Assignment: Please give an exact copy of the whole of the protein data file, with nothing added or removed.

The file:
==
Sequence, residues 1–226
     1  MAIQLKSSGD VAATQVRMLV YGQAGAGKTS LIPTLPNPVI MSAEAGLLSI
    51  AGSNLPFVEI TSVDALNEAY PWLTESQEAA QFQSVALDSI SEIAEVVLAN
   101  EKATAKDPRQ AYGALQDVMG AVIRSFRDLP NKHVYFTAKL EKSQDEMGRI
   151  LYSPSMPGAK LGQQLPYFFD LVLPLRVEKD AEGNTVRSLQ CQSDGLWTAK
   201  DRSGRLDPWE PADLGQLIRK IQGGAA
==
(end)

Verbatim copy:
Sequence, residues 1–226
     1  MAIQLKSSGD VAATQVRMLV YGQAGAGKTS LIPTLPNPVI MSAEAGLLSI
    51  AGSNLPFVEI TSVDALNEAY PWLTESQEAA QFQSVALDSI SEIAEVVLAN
   101  EKATAKDPRQ AYGALQDVMG AVIRSFRDLP NKHVYFTAKL EKSQDEMGRI
   151  LYSPSMPGAK LGQQLPYFFD LVLPLRVEKD AEGNTVRSLQ CQSDGLWTAK
   201  DRSGRLDPWE PADLGQLIRK IQGGAA